Coup in Bolivia leads to a political crisis

Photo from CNN: Evo Morales the president deposed by the coup in Bolivia

Contributed by Jim Hayes

Not doubt about it. The ending of Evo Morales’s presidency in Bolivia was a coup, engineered by the United States, in partnership with Bolivia’s privileged elite.

The coup was made possible through the use of the police and army.

Morales quit because he was given an ultimatum. Staying on would have meant a lot of bloodshed. So the president chose exile in Mexico for now, and he made it clear that this is far from over.  He said he would return if the “people ask for it.’

Here’s what happened

The Military Coup Against President Evo Morales

Video from BadEmpanada

 “This coup d’etat that has triggered the death of my Bolivian brothers is a political and economic plot that came from the US,” said Morales.

What do they have against him? Three things sum this up.

The beginning of a land reform process that takes land from the big landowners and hands its over to the peasants. A redistribution of wealth that has seen the lifting half of the 60 percent of the population, who were living in serious poverty. Being indigenous and representing working class and poor people, who are mostly darker skinned than the more privileged section of society.

Bolivia’s miners were out on 10 November.

Video from Calma Pueblo

Contundente mensaje de los mineros en apoyo a Evo Morales

#EvoNoEstásSolo | EMOCIONANTE MENSAJE."Lo que no nos va a perdonar el imperio es que un hermano indígena ha manejado y ha conducido mejor a través del gobierno. Eso es lo que les duele y no los deja dormir". Palabras de Orlando Gutiérrez, Secretario de la Federación Sindical Única de Trabajadores Mineros de Bolivia.

Posted by Calma Pueblo on Saturday, November 9, 2019

” what will not forgive us the empire is that an indigenous brother has handled and has driven better through the government. That’s what hurts and doesn’t let them sleep. “

Words of Orlando Gutiérrez, Secretary of the unique Union Federation of mining workers of Bolivia.

Aside from the police and army, who is domestically politically tied to the the coup?

This video clip below exposes two principle leaders, that one has a Neo-Nazi background and the other, the former president who was beaten by Morales in an election, heads a political party funded from Washington.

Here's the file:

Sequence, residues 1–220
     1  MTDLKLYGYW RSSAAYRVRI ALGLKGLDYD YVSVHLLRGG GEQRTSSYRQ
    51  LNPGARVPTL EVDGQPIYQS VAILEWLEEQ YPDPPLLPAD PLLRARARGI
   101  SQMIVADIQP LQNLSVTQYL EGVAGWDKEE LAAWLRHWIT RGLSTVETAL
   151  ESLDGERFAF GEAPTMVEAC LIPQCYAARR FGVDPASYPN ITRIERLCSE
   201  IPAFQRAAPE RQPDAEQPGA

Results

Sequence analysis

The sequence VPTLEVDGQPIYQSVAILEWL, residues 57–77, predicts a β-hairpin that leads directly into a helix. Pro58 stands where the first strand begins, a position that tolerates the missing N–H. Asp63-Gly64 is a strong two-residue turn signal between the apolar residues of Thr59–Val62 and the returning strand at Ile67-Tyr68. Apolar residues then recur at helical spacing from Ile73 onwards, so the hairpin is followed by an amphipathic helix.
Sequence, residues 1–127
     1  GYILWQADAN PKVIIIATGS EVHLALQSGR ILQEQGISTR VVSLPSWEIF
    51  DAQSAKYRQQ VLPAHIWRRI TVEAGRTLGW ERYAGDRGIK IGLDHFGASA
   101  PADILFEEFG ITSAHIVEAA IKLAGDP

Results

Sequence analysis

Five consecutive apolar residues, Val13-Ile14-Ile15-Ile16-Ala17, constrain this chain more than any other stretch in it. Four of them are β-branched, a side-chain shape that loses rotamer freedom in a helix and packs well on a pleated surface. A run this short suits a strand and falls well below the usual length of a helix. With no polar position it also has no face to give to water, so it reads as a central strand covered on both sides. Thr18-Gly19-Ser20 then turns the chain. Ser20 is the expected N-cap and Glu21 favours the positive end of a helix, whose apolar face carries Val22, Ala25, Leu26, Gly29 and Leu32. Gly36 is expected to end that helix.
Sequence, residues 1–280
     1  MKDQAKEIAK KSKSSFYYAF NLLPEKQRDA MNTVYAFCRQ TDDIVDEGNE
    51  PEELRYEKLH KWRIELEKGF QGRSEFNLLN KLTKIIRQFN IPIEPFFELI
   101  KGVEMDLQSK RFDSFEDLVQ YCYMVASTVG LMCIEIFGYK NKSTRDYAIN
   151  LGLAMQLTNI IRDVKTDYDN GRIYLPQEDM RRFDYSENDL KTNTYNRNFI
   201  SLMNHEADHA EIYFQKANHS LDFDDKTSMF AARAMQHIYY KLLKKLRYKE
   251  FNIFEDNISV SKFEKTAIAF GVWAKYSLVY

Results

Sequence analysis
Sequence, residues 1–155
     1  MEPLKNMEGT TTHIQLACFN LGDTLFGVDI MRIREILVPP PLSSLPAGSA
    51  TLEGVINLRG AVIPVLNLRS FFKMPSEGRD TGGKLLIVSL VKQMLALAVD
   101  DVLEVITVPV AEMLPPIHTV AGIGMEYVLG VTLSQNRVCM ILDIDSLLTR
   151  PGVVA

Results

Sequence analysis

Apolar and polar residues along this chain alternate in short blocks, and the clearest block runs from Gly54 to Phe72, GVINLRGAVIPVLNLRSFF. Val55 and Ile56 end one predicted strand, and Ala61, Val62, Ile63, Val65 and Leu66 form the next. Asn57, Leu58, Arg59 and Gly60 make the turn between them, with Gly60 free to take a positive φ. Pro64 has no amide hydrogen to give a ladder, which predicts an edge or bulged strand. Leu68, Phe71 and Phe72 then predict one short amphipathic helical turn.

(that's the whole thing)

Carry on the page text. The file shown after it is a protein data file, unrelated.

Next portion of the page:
Video from RT

Senator. Jeanine Áñez was sworn in as the new interim president, although she has not been approved by the parliament. Nevertheless, she declared her interim presidency and immediately got support from the United States. Secretary of State, Mike Pompeo, congratulated her.

It is therefore hardly surprising that one of her first actions in the new rolewas to recognise the other self-proclaimed president, Juan Guaido of Venezuela, even though his star is dwindling.  

Áñez, a former television journalist, made a great show of entering the parliament with as bible in hand. But she also has an openly racist twitter account that constantly disparages the indigenous people of the country. Evo Morales is indigenous.

As interim president she is supposed to call a new election within 90 days. Although she has said she will call one, she has not set a date, and said to the media that people of good character will be allowed to participate. This means that it is intended to restrict either candidates or voters. At least, this is the plan.

But life is far more complicated than assuming office.  Many Bolivians are fighting back, and they are out in the streets. They want her out. The nation has been plunged into turmoil.

On 13 November, the day after Áñez had sworn herself into office, Morales supporters were out in the streets. They demanded her resignation and the return of the deposed president.

Video from Ruptly

Police latter attacked using tear gas grenades.

Video from Ruptly

The standoff continues. Opponents of the new administration are being detained. Details of this have not come out yet.

To underline the seriousness of the situation, the United States has ordered family members of U.S. government employees to leave. Bolivia is no longer regarded as safe. Britain has warned its citizens not to travel there.

It seems that the coup plotters may have opened a can of worms. It is now a battle of wills. If the protests against the coup, keep on and build momentum, Áñez and her backers will be in real trouble.

The key factor is what the army will do. The commander who told Morales to go has himself resigned, along with, other key figures. This suggests some division has emerged in the ranks. There has not yet been a recognition of Áñez from this quarter.

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